Liquid Nitrogen, Mortar, and Pestle Method

A traditional method of homogenizing any plant material is by grinding cryogenically using a mortar and pestle. This method is typically very low in throughput, but it can generate very fine, controllable powders. An advantage of cryogenic grinding is that kernels do not require drying prior to processing (like the dry grinding methods above).

Though this protocol is for kernels, it can be used on virtually any part of the plant, i.e., leaf punches, kernels, root, and stem. The materials needed will include a porcelain mortar and pestle, Styrofoam bucket or box, and liquid nitrogen.

  1. Put the mortar into the Styrofoam container and set the sample and pestle into the mortar.  NOTE:  Liquid nitrogen is extremely cold (-196°C) and can cause burns.  Handle all objective while wearing protective gloves (latex gloves do not protect from the cold).  Additionally, as the liquid nitrogen vaporizes, it can displace oxygen from enclosed areas.  Make sure you work in a well ventilated area while working with liquid nitrogen.

  2. Fill the mortar well with liquid nitrogen.  It will boil (bubble and splatter) when the liquid nitrogen is first added, but as the temperature of the mortar, pestle, and sample decrease, the boiling will stop.  Several applications of the liquid nitrogen might be necessary to get the items down to cryogenic temperatures.

  3. Hold the pestle with a gloved hand (use a cryogenic glove or at minimum a cotton gardening glove) and press down on the sample while turning the pestle.  As the kernels shatter, small pieces may fly out of the mortar, so proceed with the grinding slowly.  Continue the grinding until the sample is finally pulverized.

  4. Add more liquid nitrogen throughout the process as needed. 

  5. Once grinding is completed the sample can be extracted or stored.  Note that fresh kernels contain a significant amount of water and upon thawing, the powder will take on a paste-like characteristic.  If it is desirable to keep the sample powdered, then keep it frozen at all times.

Homogenizing in 96 Well Plates

The protocol below describes homogenizing kernels in a 96 well format, however most small samples from maize (e.g., 100 mg or so) can be processed using 96 well plates and small grinding balls. Kernels are the most laborious to process in 96 well plates simply because of the initial preparatory work that is required. As kernels tend to be very hard and the grinding balls used in 96 well plates are small, kernels must be soaked overnight and then sectioned (i.e., dissected) before homogenizing. The homogenization is typically done in an extraction buffer as the endosperm can create a thick paste if not diluted during processing.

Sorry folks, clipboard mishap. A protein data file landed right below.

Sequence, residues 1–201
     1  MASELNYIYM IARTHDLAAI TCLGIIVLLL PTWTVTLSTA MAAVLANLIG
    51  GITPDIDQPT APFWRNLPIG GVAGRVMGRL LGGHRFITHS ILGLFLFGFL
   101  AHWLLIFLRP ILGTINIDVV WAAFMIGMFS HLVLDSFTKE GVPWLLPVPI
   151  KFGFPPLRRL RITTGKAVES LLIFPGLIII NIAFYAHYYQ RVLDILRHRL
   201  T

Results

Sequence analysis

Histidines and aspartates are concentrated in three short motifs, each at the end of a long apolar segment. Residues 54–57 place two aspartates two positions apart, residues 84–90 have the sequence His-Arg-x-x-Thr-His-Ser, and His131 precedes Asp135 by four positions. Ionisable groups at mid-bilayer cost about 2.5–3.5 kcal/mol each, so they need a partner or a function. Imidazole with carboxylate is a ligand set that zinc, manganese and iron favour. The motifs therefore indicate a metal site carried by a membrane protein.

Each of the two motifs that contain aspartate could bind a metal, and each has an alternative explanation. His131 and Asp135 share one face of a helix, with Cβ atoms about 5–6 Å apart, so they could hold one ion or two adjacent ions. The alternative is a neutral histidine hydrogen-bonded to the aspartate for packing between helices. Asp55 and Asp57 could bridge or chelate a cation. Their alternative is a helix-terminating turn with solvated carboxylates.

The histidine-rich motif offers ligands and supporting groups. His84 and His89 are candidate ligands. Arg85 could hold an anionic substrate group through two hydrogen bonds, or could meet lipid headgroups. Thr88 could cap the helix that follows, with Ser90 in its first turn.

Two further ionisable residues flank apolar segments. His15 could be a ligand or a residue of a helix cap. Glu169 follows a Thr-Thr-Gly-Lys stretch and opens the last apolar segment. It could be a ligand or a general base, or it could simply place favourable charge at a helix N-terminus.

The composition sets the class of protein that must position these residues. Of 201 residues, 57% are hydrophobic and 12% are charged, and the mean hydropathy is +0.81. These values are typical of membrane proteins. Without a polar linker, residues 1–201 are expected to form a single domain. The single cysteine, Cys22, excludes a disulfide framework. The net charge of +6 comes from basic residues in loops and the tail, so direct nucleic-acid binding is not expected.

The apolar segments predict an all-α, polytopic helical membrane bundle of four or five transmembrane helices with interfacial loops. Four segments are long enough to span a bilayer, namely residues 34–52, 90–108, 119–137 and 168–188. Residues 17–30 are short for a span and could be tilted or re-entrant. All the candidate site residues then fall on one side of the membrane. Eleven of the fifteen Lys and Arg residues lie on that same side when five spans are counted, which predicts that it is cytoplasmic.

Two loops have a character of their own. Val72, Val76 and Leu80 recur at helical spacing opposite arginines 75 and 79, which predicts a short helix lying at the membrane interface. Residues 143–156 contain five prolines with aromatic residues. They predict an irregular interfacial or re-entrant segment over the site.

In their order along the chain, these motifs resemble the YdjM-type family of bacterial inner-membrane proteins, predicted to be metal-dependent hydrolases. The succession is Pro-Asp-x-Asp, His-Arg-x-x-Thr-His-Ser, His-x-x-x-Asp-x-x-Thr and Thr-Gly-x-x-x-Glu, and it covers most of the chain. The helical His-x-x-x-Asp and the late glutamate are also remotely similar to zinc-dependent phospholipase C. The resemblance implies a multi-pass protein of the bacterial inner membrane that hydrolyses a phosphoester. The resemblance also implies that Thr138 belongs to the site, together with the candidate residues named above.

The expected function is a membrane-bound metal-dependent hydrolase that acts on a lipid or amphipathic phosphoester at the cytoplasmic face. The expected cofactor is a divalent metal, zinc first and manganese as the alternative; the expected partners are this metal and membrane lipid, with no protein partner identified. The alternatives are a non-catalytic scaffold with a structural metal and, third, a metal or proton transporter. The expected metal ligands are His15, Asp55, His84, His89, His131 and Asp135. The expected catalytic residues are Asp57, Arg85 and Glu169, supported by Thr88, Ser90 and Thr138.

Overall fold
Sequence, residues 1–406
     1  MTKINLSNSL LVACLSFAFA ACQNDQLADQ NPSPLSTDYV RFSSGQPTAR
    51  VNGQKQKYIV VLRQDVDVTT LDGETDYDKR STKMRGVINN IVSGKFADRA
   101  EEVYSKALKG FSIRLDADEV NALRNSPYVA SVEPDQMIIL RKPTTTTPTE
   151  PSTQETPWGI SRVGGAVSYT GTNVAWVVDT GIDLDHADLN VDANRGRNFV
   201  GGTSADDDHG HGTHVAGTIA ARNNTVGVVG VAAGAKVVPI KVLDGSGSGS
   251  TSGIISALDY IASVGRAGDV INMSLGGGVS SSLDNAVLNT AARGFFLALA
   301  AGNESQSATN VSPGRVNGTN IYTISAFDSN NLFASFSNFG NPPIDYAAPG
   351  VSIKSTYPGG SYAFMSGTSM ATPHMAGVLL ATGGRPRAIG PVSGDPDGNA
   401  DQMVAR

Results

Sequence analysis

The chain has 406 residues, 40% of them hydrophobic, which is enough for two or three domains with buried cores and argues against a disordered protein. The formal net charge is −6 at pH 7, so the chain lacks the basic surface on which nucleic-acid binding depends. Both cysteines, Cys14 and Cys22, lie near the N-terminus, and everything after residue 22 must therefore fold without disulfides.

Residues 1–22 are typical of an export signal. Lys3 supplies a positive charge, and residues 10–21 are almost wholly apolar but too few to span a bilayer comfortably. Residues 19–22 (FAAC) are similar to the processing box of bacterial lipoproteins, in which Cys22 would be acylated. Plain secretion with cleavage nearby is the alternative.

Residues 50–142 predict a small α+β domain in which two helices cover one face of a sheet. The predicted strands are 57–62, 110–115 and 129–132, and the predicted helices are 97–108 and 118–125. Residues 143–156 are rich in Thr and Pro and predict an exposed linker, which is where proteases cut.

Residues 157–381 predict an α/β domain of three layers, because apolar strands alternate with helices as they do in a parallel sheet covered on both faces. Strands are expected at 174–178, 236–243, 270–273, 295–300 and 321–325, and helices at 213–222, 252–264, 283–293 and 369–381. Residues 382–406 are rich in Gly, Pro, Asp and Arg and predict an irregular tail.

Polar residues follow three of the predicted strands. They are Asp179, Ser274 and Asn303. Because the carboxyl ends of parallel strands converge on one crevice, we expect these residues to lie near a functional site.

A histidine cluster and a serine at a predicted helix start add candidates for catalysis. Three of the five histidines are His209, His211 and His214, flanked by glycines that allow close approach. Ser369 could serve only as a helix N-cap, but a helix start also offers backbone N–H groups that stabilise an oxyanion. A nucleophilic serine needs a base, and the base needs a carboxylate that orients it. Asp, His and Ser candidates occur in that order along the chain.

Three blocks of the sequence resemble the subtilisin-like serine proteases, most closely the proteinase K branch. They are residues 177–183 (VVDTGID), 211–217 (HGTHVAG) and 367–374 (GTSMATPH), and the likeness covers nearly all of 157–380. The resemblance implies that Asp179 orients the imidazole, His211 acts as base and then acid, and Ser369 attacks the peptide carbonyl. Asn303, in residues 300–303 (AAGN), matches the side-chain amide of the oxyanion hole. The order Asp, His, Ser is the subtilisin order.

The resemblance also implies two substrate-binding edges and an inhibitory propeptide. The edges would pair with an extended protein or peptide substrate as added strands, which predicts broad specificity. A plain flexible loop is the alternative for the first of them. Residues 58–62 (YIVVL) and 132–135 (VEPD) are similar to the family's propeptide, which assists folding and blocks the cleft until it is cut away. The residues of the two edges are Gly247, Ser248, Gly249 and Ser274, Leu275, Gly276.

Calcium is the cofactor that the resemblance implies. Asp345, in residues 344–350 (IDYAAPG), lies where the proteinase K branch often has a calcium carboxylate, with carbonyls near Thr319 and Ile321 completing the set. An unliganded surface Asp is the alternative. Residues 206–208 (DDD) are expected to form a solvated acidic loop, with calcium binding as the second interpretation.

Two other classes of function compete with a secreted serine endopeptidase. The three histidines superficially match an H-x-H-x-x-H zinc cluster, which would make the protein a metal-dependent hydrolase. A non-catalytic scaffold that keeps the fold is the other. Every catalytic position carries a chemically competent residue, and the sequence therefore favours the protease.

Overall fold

1. The day before processing samples, soak kernels in water, TE buffer or other suitable buffer to soften. Just before processing, section off a piece of the kernel, ideally no more than 100-200 mg of tissue, and place it in a 96 well plate. The type of plate is relatively important, as it should have sufficiently this bottoms which can take the beating from grinding balls and they should also seal well with cap mats. OPS Diagnostics has 1.2 ml deep well plates and 2.5 ml deep well plates that work well with the high throughput homogenizers used to process samples.

  2. An extraction buffer should be added to the sample and should be 3-4X the sample mass. For example, a 100 mg sample can be supplemented with 400 µl of buffer. However, the total volume of the sample and buffer should not exceed half the volume of the well. Grinding balls need room to move and impact the sample, and over-filled well will impede the effectiveness of the grinding balls.

  3. Using a ball dropper, dispense a 5/32" stainless steel grinding ball into each well. Seal the plates with press on cap mats (round well or square well).  Sealing mats must fit tightly to avoid leakage during processing.  Additionally, heat or tape sealed plates will not hold up to the impacting grinding balls.

  4. Place the prepared deep well plate into the GenoGrinder or HT Homogenizer. Set at 2/3 maximum speed and process for 2 minutes.  To avoid cross contaminating wells when the cap mat is removed, it is advisable to centrifuge the plate first to push liquid and homogenate to the bottom of the wells.  If subsequent process is to be done in the deep well plate, the grinding balls can be removed using magnet tips.